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Topic: Task Force Spartan

Soldiers, villagers work together to improve Bati Kot

 

Written by U.S. Army Sgt. Ginifer Spada
Task Force Bastogne

BastogneFort Campbell KY, 101st Airborne DivisionNangarhar Province, Afghanistan – It seemed like a social meeting with old friends. Gathered in the Bati Kot subgovernor’s office January 15th, Soldiers and elders from the surrounding villages exchanged laughter and stories of their wives and children.

“I have two wives and thirteen children,” said a white-haired elder known as Malik Mouhammad. “Allah has blessed us with many children and good wives, but we need to be able to provide jobs to take care of them.”

U.S. Army Staff Sgt. Ruben A. Picon, 1st Brigade Combat Team, 101st Airborne Division, from Lubbock, Texas, enjoys a friendly exchange at the Bati Kot subgovernor’s office Jan. 15th, during a meeting with village elders to discuss projects in and around the Bati Kot District in eastern Afghanistan’s Nangarhar Province. (Photo by U.S. Army Sgt. Ginifer Spada, Task Force Bastogne Public Affairs)

U.S. Army Staff Sgt. Ruben A. Picon, 1st Brigade Combat Team, 101st Airborne Division, from Lubbock, Texas, enjoys a friendly exchange at the Bati Kot subgovernor’s office Jan. 15th, during a meeting with village elders to discuss projects in and around the Bati Kot District in eastern Afghanistan’s Nangarhar Province. (Photo by U.S. Army Sgt. Ginifer Spada, Task Force Bastogne Public Affairs)

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Eastern Afghanistan courts open trials to public

 

Written by Story by U.S. Army Spc. Richard Daniels Jr.
Task Force Bastogne Public Affairs

BastogneFort Campbell KY, 101st Airborne DivisionNangarhar Province, Afghanistan – The Jalalabad City Primary Court held a public trial October 19th, a rarity within Regional Command – East.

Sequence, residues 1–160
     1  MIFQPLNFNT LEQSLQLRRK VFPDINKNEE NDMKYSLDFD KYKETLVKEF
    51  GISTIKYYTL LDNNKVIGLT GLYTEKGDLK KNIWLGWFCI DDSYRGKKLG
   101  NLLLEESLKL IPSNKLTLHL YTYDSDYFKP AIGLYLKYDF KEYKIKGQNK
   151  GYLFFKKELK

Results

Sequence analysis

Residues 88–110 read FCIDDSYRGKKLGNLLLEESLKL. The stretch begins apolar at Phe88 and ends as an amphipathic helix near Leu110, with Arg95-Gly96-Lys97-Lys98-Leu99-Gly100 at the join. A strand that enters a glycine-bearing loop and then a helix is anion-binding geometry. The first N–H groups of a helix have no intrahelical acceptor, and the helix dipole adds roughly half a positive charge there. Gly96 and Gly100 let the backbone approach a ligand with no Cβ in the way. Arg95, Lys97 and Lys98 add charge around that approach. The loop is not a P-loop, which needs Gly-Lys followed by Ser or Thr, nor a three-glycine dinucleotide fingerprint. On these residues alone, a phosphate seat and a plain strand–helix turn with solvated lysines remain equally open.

The court tried and prosecuted Zarif Ullah for a July 24th kidnapping. The intended victim was a money exchanger. When Ullah and his two partners ambushed him, the exchanger ran away, but they abducted his son. The final verdict was 13 years imprisonment.

“It was a fair verdict on behalf of the courthouse against him,” said Salih Rahman Keniwal, legal advisor with the Task Force Bastogne judge advocate. “In the past, we had some problems with judges not making fair decisions. But this time, in my own opinion, it was a fair judgment and punishment for him.” «Read the rest of this article»

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Platoon provides support throughout Behsood District

 

Written by U.S. Army Staff Sgt. William Smith
Support Platoon, Headquarters and Headquarters Company, 1st Special Troops Battalion, Task Force Spartan

Fort Campbell KY, 101st Airborne DivisionBastogneNangarhar Province, Afghanistan – The Support Platoon of Headquarters and Headquarters Company, 1st Special Troops Battalion, conducts daily missions in the Behsood District of eastern Afghanistan’s Nangarhar Province.